We often advise our clients who are facing online harassment in a family setting, to take a less aggressive approach at first, and to attempt to resolve the issue without resorting to extreme measures, where possible. However, we understand that sometimes this is not possible and that our clients may need to take more drastic measures to protect themselves and their families.
If you are being harassed online by a family member, we recommend that you first take a step back and do not engage with the person or people who are instigating the harassment. This can help to de-escalate the situation and avoid further escalation.
When online harassment involves family members, each case is different and requires careful consideration before taking action. Decisions made in these situations should be done with caution to ensure the safety of everyone involved.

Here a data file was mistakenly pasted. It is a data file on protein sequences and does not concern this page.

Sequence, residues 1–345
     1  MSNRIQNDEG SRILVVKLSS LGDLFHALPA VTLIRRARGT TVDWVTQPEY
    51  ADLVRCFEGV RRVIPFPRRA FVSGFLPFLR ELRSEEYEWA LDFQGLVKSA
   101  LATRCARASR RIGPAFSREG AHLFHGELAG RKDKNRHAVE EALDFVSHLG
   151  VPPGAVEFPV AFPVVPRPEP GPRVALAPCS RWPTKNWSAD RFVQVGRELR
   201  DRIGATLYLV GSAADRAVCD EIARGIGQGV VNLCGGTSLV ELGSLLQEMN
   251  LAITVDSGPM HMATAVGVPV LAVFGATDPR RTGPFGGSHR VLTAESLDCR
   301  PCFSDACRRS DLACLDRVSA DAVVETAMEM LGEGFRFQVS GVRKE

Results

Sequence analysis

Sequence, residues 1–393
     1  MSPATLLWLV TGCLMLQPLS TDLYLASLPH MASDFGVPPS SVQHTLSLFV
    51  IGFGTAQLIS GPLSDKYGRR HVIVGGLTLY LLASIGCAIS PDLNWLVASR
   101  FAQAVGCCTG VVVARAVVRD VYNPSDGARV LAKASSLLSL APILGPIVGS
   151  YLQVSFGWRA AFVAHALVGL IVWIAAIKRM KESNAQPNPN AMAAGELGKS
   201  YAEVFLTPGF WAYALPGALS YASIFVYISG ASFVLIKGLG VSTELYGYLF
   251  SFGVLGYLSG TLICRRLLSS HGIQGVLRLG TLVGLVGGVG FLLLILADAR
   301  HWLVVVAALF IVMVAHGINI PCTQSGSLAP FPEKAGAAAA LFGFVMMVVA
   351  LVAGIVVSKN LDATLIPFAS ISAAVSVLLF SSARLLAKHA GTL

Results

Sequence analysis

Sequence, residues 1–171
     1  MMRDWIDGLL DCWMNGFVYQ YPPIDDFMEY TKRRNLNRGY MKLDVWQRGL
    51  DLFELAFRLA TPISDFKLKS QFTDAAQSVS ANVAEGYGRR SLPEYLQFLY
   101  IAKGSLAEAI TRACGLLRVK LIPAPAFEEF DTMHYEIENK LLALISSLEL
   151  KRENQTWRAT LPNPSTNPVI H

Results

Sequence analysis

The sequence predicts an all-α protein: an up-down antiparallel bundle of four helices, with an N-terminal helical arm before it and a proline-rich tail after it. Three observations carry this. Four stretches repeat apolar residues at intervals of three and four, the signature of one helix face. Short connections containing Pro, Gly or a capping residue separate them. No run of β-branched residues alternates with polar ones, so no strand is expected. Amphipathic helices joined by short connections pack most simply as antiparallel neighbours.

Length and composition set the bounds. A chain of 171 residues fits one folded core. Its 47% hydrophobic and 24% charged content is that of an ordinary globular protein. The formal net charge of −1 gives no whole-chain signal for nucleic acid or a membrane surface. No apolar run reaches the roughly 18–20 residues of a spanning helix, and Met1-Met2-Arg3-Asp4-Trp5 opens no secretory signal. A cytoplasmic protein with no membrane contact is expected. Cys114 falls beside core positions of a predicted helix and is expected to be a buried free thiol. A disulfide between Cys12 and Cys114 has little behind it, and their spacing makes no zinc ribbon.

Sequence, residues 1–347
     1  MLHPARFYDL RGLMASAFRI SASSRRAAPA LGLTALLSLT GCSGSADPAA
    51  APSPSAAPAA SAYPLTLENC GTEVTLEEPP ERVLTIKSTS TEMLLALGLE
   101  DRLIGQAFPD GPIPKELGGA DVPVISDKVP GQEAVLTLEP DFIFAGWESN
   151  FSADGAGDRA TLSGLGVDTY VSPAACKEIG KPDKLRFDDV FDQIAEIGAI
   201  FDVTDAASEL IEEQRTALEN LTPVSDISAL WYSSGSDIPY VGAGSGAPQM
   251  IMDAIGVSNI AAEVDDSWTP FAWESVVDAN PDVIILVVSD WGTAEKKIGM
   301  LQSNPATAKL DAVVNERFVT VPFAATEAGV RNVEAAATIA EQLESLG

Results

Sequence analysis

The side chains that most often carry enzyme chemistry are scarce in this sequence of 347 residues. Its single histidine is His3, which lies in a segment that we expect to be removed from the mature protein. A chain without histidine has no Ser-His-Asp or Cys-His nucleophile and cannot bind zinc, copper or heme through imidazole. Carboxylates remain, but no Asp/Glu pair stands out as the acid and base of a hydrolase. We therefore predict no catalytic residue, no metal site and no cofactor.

Some people may feel reluctant or guilty to seek legal advice in relation to online harassment they might be experiencing within their family. They may fear matters escalating and putting themselves at more risk of harm. Some victims may also fear that their case won’t be taken seriously by authorities and that they won’t be able to get the help they need.
From a legal standpoint, the identity of the individual or the circumstances surrounding the online harassment case are irrelevant. If you feel as though you are being harassed, violated, and victimised online, the behaviour is just as unlawful, regardless of whether it is coming from a family member.
The bottom line is that no one has the right to make you feel unsafe or uncomfortable in your own online space, and if you are experiencing this type of behaviour, you should not hesitate to seek legal help. If you speak with one of our experienced online harassment lawyers about your case, we will keep the matter confidential from other members of your family.
We will also give you sound legal advice to ensure that you no longer have to deal with online harassment on your own.